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Author Topic: Mayhaw Trees  (Read 240 times)

MarvelMango

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Mayhaw Trees
« on: February 13, 2017, 04:59:51 PM »
Anyone know anything about these? They say they can grow in zone 10 but does anyone have exp. growing them?
Quentin

TriangleJohn

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Re: Mayhaw Trees
« Reply #1 on: February 15, 2017, 10:06:03 AM »
I have a small collection of them but I live in zone 7b (Raleigh NC). I have three or four varieties all based on the natives found in the Southeastern US. I also have Azarole which is an Italian relative. All of them are slow growing for me and now at 5 years of age they are just starting to bloom and fruit. The only one I've tasted is the Azarole which has a mild apple/rose hip flavor. My trees do show signs of normal fruit tree diseases but they don't seem to suffer from them.

MarvelMango

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Re: Mayhaw Trees
« Reply #2 on: February 15, 2017, 10:55:38 AM »
There most be a reason you don't here about anyone growing them this far south.
Maybe the fruit just isn't all that.
Quentin

Citradia

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Re: Mayhaw Trees
« Reply #3 on: February 16, 2017, 10:23:15 PM »
I grew up in Bradenton, FL and was always looking for and trying to grow flowering trees. Don't remember seeing mayhaws or hawthorns there in zone 9/10. However, when we moved to Gainesville In north FL, mayhaws/hawthorn grew wild in the woods. The fruit was smaller than wild crabapples and had a large pit in the center, not pretty fruit, yellowish color. Heard some people made jelly out of it. We have different varieties of wild hawthorns here in NC with wild ones on my property having the worst long needle-like thorns you ever saw. Worse than poncyrus trifoliata ever thought about being. Makes loads of flowers in spring and loads of tiny haw apples in fall though. Crabapples easier to process for jelly though and not as thorny. You probably don't get enough chilling hours in zone 10 FL to get haw to bloom, or they would be noticed in the woods and planted along interstate highways there like they are in north FL.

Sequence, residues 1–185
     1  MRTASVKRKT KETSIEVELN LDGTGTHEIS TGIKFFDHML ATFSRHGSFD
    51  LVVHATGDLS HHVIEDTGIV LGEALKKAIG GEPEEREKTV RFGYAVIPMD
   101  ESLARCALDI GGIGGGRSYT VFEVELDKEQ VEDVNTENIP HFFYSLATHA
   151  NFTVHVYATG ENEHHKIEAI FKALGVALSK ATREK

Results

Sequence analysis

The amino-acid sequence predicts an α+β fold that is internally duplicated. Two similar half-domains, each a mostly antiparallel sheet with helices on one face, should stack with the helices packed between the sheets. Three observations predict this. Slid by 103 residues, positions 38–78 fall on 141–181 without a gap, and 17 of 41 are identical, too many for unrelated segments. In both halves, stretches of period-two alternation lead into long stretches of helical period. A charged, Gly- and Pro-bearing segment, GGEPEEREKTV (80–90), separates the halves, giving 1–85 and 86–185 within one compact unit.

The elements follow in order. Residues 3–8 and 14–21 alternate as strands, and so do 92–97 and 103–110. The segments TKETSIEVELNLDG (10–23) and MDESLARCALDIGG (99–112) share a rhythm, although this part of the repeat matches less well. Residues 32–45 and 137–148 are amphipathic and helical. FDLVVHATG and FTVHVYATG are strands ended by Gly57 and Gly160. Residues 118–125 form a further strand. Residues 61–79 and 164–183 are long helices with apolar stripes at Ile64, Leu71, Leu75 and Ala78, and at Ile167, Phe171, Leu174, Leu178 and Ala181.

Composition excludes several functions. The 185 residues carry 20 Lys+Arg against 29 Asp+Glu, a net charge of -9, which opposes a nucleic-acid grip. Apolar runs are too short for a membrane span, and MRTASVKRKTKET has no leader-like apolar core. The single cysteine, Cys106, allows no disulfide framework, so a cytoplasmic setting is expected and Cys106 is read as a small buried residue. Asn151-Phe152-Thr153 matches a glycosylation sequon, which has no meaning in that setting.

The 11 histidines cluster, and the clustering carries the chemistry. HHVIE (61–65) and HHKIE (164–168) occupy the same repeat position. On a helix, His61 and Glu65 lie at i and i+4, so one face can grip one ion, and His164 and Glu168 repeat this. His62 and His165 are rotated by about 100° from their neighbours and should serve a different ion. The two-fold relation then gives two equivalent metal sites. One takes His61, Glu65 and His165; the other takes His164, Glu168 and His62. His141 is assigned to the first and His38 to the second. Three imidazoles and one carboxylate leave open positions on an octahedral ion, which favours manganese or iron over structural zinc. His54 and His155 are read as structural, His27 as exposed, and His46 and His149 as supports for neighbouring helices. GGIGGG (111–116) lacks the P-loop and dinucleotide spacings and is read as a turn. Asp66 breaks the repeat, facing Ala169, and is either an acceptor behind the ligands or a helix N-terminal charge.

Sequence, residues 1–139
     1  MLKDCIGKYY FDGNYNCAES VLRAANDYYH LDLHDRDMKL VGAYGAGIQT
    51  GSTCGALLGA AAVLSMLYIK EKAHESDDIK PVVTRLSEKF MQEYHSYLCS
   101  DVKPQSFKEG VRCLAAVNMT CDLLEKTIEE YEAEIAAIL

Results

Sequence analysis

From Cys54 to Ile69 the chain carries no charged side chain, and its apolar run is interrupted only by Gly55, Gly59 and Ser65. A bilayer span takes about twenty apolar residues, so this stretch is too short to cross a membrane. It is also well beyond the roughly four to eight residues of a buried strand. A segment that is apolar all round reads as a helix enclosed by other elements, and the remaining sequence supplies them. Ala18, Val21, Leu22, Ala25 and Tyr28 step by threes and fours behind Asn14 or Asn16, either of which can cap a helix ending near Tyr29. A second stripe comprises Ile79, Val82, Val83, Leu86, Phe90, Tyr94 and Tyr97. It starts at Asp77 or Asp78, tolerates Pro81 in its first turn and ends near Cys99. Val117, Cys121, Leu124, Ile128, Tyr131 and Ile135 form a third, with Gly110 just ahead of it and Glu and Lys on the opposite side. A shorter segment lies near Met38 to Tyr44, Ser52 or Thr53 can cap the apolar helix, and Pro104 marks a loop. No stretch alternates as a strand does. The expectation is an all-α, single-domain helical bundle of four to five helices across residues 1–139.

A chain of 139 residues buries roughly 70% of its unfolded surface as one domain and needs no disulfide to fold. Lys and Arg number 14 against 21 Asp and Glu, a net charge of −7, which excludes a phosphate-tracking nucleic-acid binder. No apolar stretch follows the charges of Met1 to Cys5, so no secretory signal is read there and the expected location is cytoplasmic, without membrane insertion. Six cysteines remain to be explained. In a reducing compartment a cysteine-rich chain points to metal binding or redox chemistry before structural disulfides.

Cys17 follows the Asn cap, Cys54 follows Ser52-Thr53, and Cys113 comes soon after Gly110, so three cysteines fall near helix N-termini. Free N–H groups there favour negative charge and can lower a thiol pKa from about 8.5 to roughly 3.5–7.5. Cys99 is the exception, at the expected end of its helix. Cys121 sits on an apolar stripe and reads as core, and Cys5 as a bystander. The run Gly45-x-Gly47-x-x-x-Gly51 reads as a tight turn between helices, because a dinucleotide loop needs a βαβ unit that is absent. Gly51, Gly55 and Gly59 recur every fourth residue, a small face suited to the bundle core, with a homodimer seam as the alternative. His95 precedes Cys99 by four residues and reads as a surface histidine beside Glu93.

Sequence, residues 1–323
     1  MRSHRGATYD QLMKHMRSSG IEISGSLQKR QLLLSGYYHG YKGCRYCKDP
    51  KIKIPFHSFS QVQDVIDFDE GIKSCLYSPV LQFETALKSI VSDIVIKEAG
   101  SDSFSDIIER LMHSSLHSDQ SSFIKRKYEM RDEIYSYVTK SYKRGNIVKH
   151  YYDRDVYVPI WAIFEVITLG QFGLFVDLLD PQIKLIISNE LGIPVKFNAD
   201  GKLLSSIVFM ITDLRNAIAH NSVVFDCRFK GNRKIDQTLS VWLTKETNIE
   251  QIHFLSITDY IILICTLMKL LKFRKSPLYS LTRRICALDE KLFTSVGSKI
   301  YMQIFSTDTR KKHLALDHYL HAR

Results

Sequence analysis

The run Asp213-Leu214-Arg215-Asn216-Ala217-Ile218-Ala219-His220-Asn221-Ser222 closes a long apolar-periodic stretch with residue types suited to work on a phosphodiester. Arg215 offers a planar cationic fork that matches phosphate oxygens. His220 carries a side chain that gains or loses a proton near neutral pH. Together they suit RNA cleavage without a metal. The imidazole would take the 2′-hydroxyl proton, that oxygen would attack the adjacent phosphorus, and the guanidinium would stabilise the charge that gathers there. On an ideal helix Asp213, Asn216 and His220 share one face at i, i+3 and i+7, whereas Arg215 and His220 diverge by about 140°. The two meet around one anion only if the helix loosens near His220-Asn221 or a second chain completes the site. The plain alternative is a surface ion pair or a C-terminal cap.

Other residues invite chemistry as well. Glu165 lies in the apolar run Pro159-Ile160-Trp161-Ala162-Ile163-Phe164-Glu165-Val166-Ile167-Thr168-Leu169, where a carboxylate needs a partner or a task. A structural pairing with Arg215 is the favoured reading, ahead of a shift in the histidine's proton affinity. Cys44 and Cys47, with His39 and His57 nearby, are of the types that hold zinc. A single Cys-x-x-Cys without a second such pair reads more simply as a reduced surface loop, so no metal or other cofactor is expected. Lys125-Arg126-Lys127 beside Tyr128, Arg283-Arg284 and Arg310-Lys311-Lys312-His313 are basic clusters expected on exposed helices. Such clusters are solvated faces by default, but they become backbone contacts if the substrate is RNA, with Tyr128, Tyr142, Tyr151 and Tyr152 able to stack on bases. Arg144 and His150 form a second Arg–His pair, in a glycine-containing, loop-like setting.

TonyinCC

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Re: Mayhaw Trees
« Reply #4 on: March 31, 2017, 10:06:33 PM »
Mayhaws make one of the very best jams you will ever taste. I have a bearing age tree at my farm in South Carolina. I will get you some fruit to start seeds from if the last frost didn't wipe out the crop. Worth a try I just don't have room at my place in Cape Coral to grow one.

MarvelMango

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Re: Mayhaw Trees
« Reply #5 on: April 06, 2017, 07:08:16 PM »
That's awesome. Will look forward to it.
Quentin

 

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